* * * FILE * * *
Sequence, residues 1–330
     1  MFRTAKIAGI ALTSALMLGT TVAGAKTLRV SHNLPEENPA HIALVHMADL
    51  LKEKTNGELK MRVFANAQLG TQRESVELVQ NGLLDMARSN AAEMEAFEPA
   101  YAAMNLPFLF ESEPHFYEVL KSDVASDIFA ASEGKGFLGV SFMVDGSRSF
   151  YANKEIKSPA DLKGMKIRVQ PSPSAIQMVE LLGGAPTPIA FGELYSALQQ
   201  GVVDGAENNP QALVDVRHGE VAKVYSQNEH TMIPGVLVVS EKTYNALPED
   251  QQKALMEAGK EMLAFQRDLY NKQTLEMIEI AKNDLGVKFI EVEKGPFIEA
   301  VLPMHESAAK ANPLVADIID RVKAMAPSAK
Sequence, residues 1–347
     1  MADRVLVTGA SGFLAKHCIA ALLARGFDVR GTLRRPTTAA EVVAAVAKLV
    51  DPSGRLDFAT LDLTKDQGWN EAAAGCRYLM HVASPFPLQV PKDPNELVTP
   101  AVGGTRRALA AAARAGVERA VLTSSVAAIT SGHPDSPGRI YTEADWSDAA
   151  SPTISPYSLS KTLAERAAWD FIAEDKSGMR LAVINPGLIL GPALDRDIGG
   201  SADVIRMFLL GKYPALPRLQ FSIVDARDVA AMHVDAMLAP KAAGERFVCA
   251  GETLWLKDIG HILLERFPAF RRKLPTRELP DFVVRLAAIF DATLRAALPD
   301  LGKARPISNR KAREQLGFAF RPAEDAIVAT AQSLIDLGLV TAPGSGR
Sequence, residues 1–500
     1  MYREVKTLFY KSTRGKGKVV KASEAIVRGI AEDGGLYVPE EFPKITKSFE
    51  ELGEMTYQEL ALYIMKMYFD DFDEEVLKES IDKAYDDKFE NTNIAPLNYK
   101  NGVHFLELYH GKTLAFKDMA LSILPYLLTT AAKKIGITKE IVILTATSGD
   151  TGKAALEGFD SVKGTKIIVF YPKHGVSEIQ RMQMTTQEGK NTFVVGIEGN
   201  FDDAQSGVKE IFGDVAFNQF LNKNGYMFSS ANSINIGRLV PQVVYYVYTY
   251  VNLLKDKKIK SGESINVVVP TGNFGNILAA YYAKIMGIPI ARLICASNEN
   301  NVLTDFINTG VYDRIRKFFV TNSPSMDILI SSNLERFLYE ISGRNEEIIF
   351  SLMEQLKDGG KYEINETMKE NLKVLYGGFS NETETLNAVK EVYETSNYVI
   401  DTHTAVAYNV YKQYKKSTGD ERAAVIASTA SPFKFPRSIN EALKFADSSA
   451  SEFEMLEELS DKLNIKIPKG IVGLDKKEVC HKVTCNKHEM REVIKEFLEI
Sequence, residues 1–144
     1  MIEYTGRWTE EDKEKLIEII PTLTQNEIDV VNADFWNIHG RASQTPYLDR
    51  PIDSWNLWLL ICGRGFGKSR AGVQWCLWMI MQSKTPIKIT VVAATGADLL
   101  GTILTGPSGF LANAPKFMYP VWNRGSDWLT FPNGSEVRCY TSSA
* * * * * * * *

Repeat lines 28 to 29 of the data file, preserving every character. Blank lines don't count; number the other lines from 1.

Sequence, residues 1–144
     1  MIEYTGRWTE EDKEKLIEII PTLTQNEIDV VNADFWNIHG RASQTPYLDR